Our group left Taipei on a short flight to Taitung on the East Coast. I was now with strangers quickly becoming friends, ready to observe and experience the Taiwan Cycling Festival and the country’s Utopian bicycle paths. A collaboration of the tourism board, transportation department and cycling advocacy organizations proves to be immensely powerful in Taiwan. This unified effort is how they could accomplish such a lengthy, connective path system. Taitung’s slogan is “Biking Heaven.”

This city boasts the first, and quite famous, bike path completed. The paths will eventually circumnavigate the entire island! 2011 is on the tail end of a 4 year plan and 4 billion dollar investment to build the infrastructure needed. (Yes, I just said 4 BILLION dollars with a straight face). This landmark, the original path, even has tolls for the tourist or passerby (locals can use for free). You’ll ride through terraced rice fields, under trellises, near small villages, in the backyards of local farmers. Bathrooms, parks and cycling stations are spaced a handful of kilometers apart, making it an easy level for beginners and enthusiasts to take in the landscape.

Our accommodations were first in a canyon that boasts natural healing hot springs at the Royal Chihpen Hotel. I have to admit I didn’t get to enjoy it in my jet-lagged state, with late arrival and early departure. What I did use was the Japanese-style soaking tub with actual spring water piped into each room’s bath, quite lovely! The second location that we actually rode to and from, was the gorgeous Papago Resort. I was able to enjoy the beautiful pool, and over-sized modern, bright and beautiful room there! If you like water like I do, you might enjoy a raft trip! We took a simple float on bamboo, flat Tom Sawyer-esque rafts, to get our feet wet, it was a lot of fun. We left via a van, to drive North along the lovely coast to Hualien.

TAROKO GORGE National Park
Hualien sits on the ocean, but its main attraction is a do-not-miss National Park. This marbled canyon of tropical fauna and steep breathtaking views is the all time favorite for me of the entire two weeks. Rent a bike from either Silks Place where we stayed one night, or near the gate entrance from the Hualien side at a Giant Bicycle Station. I suggest a bike ride through the tunnels and S-turns early in the morning before the double-decker buses take over, or just take a side hike. Staying in the Leader Hotel is more like a quiet serene lodge. You’ll be immersed in nature, possibly see monkeys. I had to be dragged out of there, as I wanted to breathe it in, sit and watch the low clouds change the landscape every few minutes. This has to be one of the most peaceful places on earth.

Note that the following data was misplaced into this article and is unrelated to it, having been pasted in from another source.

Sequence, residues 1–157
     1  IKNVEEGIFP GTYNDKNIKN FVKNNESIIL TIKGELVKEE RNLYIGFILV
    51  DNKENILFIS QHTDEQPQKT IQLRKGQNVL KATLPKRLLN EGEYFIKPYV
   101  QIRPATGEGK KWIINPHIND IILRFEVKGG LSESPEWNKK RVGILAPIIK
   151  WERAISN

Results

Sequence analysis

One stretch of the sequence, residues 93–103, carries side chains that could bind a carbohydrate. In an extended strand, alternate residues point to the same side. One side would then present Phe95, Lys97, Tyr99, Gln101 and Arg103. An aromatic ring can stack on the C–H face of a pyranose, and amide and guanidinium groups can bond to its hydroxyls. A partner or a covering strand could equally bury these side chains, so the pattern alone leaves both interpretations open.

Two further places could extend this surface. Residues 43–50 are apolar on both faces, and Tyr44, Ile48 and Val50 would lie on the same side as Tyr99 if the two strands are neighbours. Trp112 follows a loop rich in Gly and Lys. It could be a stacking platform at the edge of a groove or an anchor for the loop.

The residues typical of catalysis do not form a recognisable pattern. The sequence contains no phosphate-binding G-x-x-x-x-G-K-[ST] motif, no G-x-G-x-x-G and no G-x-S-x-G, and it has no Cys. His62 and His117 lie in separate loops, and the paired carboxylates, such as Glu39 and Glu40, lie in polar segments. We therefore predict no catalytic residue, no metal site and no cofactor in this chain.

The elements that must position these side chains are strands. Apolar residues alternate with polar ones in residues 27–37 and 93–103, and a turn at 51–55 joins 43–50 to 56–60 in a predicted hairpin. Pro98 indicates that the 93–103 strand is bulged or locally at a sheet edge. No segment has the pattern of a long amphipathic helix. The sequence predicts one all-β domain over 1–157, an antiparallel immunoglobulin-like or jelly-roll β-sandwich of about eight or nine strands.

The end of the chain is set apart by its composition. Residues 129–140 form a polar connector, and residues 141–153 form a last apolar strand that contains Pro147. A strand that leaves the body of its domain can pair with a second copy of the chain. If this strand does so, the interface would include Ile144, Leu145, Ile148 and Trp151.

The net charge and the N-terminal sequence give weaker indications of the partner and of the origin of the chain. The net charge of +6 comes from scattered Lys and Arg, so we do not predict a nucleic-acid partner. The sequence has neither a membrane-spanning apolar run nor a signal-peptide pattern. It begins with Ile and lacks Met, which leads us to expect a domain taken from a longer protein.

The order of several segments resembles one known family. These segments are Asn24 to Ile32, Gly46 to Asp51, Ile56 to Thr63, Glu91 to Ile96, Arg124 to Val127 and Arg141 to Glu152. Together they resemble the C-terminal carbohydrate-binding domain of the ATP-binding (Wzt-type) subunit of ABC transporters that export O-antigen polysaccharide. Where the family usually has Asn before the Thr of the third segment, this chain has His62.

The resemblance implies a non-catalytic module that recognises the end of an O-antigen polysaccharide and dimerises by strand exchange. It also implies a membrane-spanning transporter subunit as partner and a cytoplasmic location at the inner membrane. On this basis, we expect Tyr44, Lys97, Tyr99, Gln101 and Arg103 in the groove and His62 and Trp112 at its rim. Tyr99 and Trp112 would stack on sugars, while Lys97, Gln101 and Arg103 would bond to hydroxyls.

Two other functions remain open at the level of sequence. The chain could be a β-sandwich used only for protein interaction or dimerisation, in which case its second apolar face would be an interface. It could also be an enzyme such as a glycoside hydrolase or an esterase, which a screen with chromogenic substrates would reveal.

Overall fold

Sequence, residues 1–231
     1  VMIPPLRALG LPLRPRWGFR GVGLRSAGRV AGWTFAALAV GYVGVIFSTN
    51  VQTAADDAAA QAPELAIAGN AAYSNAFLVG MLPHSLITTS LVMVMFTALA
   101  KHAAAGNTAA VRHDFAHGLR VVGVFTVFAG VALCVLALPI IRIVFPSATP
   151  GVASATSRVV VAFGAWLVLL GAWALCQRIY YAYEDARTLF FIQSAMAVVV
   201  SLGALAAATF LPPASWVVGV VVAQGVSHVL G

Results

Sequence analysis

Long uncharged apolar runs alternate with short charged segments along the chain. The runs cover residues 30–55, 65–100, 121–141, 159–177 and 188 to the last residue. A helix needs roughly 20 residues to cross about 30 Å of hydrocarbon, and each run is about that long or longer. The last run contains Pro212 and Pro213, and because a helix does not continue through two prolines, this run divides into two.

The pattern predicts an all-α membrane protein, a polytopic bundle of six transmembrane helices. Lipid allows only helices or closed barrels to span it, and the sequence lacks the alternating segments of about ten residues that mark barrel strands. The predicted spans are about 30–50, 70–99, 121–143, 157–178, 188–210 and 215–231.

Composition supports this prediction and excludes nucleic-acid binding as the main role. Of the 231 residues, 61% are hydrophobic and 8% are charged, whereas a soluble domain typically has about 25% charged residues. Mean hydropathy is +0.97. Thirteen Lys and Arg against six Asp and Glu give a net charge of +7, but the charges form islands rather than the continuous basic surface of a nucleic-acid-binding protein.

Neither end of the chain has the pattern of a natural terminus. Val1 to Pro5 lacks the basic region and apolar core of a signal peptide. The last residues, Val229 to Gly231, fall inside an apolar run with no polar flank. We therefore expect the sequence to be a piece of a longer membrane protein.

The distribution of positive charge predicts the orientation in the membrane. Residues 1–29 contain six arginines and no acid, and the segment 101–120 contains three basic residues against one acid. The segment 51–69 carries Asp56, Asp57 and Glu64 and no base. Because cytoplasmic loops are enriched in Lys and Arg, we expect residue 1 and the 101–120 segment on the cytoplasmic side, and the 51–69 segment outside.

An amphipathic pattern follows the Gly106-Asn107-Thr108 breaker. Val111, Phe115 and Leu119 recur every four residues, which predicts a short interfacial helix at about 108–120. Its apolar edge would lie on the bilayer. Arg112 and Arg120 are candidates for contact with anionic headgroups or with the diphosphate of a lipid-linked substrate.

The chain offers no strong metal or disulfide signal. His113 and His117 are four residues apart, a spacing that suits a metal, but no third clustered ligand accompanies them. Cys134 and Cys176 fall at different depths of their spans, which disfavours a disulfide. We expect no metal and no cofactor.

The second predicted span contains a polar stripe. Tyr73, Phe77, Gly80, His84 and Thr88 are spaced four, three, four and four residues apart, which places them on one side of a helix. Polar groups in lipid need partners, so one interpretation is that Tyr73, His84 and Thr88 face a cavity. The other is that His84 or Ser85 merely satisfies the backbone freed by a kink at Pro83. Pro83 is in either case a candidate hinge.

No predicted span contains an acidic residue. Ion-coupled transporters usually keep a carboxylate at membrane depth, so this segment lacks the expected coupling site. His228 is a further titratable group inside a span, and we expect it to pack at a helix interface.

Sun Moon Lake
Our timely typhoon changed both the Cycling Festival plans, and our original itinerary. We were rerouted inland to a lake in the middle of beautiful mountains with colorful water. This proved fortuitous. Ride a bike or perhaps rent a scooter for a fun loop around the 33km meandering Moon Lake Road. Stop at the Ci Hen Pagoda and hike up the 700 meter path to capture the view from the top – where you can ring the bell. Apparently this is a perfect location to spot the annual appearance of fireflies as well. We were put up in one of the newest and highest end hotels there, and I imagine other accommodations have the same stunning views, at maybe a lesser “gold leafed elevator” price. But I can say, with heartfelt appreciation for the rare luxury, the outstanding service and food and room amenities, perhaps for a special occasion, do consider staying at The Wen Wan if you can swing the $700 room price tag (for a junior deluxe room). Small lakeside villages host dance recitals and markets and have interesting dining options.

It must be a great sign that when you look back on a trip, or start to share stories you exhale first, and sigh. I can tell I only skimmed the top of what there is to explore, however I’d repeat any of the locations and all the hotels. May you all add Taiwan as a destination on your must travel to list, and exhale in perhaps a place like Taroko Gorge, knowing how lucky you are one of the few that got to see it!

Beverly Garrity is a cycling skills coach, traveler, marketeer and designer who likes espresso, and sometimes writes about it all. Deeper details on her Taiwan trip can be found at